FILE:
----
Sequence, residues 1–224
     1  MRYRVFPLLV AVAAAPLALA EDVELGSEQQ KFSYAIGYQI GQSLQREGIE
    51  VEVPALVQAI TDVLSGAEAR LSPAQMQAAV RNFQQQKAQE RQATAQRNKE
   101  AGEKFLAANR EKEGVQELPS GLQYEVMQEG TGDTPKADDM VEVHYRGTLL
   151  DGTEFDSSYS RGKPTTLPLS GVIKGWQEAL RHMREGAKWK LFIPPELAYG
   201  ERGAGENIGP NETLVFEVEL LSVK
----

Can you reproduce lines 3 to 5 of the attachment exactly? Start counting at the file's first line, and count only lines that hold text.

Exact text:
    51  VEVPALVQAI TDVLSGAEAR LSPAQMQAAV RNFQQQKAQE RQATAQRNKE
   101  AGEKFLAANR EKEGVQELPS GLQYEVMQEG TGDTPKADDM VEVHYRGTLL
   151  DGTEFDSSYS RGKPTTLPLS GVIKGWQEAL RHMREGAKWK LFIPPELAYG